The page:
Learning how to communicate effectively with my father and family is important for me.

One of our biggest barriers is a conflicting vision with family. I need to know when my brother is going to make some decisions on his business because it affects ours-he doesn’t invest or pay for anything. We have separate businesses, but he uses all our stuff, lives in our extra house, etc. Gather your data of the cost of doing business with your brother, put the numbers on the table, and get clear about payment and deadlines. Remember, if you continue to let your brother have a “free ride” he is going to continue freeloading.

What do you recommend I put in play so my wife would know what to do with the business if something were to happen to me? She doesn’t deal with any of the legal paperwork and so forth. But I want to make it easy on her if something were to happen. Fill out the Because I love you list and take your spouse to a financial planner and accountant to start developing those relationships before death or disability happens to you.

What are the exact documents needed for the transition of a small ranch from mom and dad to the son and his wife? Does it start with a will? No, a transition plan is a succession plan which is the transfer of labour, management, and ownership while you are alive. A will is part of an estate plan for when you are dead. Both plans need to start with coming to the table to discuss expectations, create certainty of timelines and well-written agreements. Communication is the first step.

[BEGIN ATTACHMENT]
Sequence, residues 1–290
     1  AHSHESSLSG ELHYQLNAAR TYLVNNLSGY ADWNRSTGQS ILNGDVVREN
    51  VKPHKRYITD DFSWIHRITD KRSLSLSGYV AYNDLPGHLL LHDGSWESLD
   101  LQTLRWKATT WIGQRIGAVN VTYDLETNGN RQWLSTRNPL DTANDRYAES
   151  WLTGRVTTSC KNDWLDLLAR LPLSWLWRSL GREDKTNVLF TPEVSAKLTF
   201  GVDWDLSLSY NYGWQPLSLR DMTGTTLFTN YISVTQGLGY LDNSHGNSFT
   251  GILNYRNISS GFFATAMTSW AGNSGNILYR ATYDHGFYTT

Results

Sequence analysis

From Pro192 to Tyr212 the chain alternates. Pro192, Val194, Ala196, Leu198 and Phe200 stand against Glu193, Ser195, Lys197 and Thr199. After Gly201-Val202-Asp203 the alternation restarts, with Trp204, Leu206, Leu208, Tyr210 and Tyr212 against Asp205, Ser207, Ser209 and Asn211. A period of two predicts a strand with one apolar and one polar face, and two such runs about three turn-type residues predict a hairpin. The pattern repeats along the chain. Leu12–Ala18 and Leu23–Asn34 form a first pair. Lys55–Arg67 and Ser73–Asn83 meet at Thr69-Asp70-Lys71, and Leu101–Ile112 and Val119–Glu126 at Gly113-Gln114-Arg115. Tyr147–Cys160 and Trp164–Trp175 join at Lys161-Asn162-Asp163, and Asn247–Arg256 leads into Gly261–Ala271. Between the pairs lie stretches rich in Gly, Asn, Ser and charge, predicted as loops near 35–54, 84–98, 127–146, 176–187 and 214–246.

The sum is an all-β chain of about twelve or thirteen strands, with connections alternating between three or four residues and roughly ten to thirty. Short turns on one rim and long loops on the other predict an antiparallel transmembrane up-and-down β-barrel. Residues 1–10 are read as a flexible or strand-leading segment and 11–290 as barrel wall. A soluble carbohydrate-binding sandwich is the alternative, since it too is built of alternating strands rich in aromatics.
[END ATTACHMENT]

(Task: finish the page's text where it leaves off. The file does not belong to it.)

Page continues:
A good day on the farm is faith, family, and fresh air.

How do you communicate with in-laws that are not communicators? They are not communicators yet, you are going to model expansive questions, attentive listening, and keep showing them the importance of sharing how they think, feel, and what they want.

What do you do when your father says he’s going to sell out and not hand anything down? He’s the 6th generation and I would be the 7th. Tell dad you are not willing to continue being emotionally blackmailed with his threats. Ask him why he is so angry. Is he hurt, afraid, or frustrated? Is he embarrassed he has so much debt at his age and doesn’t see a way to “save the ranch?”